Also, for the geographically impaired, the Mets reside in New York, where their TV and marketing intake pays for an awful lot of $4.97 quarts of milk. This is an advantage akin to being born with a silver spoon in your mouth and a platinum umbilical cord dangling below your navel.

True. You'd think the Mets could parlay that advantage into more success, like how the Yankees parlay their even larger market share into a steady stream of World Series titles!

No, the Mets don't have the ticket, merchandise or broadcasting revenue streams that their privileged cross-town rivals do.But when you remove New York Post back covers from the equation, they're not competing with the Yankees.


Their real competitors are the two National League teams that can match them resources-wise, the Cubs and Dodgers. Those are the only ones who, like the Mets, can spend stupidly without consequences. If the Braves or Brewers hand out a dumb long-term contract that occupies 15 percent of their payroll, they're screwed. If the Mets do the same, they can swallow it and move on.

Duh. Except that they're really competing with teams like the Rockies and the Brewers, who manage to be successful with half the resources and who, I suspect, have organizations that are simply more competent at assembling winning baseball teams.

Liabilities: They're old and creaky at a handful of key spots. The aforementioned vets -- Carlos Delgado, Moises Alou and Luis Castillo -- have all seen better days, especially defensively. If Delgado's bat doesn't gain back the speed it lost last season, they'll be power-deficient from the left side of the plate.

Luis Castillo has never seen better days. He has only had an above-league-average OPS in three of his ten seasons - and for a speedy guy, he's only scored 100 runs ONCE (!).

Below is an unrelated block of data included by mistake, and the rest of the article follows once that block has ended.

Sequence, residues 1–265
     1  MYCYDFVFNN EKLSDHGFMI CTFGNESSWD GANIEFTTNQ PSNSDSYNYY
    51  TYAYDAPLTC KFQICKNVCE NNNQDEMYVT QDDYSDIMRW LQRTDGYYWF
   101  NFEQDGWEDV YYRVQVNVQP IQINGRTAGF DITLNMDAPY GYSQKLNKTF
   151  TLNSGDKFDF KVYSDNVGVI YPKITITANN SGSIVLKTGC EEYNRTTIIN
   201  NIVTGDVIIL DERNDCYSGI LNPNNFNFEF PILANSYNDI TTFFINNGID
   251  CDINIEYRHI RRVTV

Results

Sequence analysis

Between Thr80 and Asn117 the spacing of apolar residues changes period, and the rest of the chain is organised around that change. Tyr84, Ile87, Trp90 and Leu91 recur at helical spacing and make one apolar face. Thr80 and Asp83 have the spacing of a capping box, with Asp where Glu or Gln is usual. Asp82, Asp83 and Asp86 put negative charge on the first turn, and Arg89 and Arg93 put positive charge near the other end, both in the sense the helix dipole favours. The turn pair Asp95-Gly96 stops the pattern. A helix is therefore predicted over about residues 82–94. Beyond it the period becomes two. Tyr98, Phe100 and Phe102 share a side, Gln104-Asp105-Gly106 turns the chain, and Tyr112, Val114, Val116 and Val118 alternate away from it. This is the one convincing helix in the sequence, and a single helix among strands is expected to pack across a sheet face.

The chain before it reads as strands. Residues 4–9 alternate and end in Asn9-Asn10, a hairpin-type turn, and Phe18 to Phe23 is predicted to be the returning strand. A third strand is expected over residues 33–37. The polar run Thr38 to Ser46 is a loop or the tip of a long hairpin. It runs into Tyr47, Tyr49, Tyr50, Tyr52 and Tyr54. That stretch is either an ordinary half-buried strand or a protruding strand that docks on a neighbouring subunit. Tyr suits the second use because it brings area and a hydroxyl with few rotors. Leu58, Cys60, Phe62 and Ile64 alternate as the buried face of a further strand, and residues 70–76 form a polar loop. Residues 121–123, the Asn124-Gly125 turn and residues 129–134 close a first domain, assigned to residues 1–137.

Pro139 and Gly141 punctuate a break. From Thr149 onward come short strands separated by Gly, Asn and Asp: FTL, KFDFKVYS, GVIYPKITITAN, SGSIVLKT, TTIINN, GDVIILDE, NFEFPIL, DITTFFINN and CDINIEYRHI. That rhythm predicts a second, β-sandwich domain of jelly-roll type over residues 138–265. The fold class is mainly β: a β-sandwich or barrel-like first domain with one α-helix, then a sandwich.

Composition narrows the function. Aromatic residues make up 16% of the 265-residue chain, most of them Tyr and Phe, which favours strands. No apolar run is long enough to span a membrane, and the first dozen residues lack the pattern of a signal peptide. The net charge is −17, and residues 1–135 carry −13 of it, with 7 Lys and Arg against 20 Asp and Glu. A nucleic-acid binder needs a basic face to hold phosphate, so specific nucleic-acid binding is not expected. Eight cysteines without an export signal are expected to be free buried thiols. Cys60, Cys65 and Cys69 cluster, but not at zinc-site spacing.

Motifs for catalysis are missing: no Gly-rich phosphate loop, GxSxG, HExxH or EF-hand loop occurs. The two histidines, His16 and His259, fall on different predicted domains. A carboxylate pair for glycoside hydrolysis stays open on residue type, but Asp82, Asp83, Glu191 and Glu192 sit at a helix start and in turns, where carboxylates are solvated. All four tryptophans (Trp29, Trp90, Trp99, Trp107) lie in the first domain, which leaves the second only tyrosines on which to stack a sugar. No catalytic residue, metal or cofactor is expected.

Can you win a pennant while being power-deficient from the left side of the plate?

As has been mentioned several zillion times, the depth in the starting rotation and bullpen doesn't inspire confidence. Counting on Orlando "El Dorque" Hernandez to give you 175 injury-free innings as a fourth starter is like counting on a wedding band to pull off "Paranoid Android."

Quite the pop culture reference, Larry. Though I think, as I mentioned, Tom Glavine has no problem throwing over 175 injury-free innings, but you don't seem to like him because he's old.

As for the 'pen, they're sure putting a lot of eggs in the Duaner-Sanchez--won't-go-on-any-more-late-night-munchie-runs basket.

Yawn. I'm hungry.

This team could probably use more 'tude, I guess. When the going got rough last September, the Mets collectively looked like they needed a hug and a warm bowl of soup.

Yes. That's what they need. More 'tude. YOU WERE DOING SO WELL, LARRY! You identified real problems in the Mets' team! Now you are telling me they need hugs! If Richard Fucking Simmons had been on the 2007 Mets, they would've made the playoffs.

That wasn't the case when things didn't go their way in 2005. They got up, dusted themselves off and started swinging, literally and metaphorically. Besides, I'm from the school that five-game winning streaks tend to cure most chemistry and attitude issues.

I am from that school too. Still, Larry should've supported this point with a stat about how the 2005 Mets actually overcame losing streaks so as to support his assertion that they "literally" did overcome something.

Larry goes on to suggest some solutions, most of which involves the Mets "being aggressive" an "using their market power" which is pretty much "what the Mets have done in the past". I'd write about it, but it gets boring.

Actually, this article isn't all that bad, though it doesn't really say much. I just have a baseball jones and even 80 degree weather in Baton Rouge winters isn't enough to satisfy me.


larry b said...

Dan-Bob: he's back from directing a high school play, and angrier than ever.

Tonus said...

The Mets' 2007 Pythagorean W/L was 86-76, which surprised me. Looks like they played above their potential most of the year and then fell apart.

Anonymous said...

Wow, they "averaged 8 strikeouts per inning". I guess that there had to have been a lot of dropped 3rd strikes? Maybe they should look for a little more defense at catcher.

larry b said...

See, that's why they traded for Brian Schneider. It's all coming together now.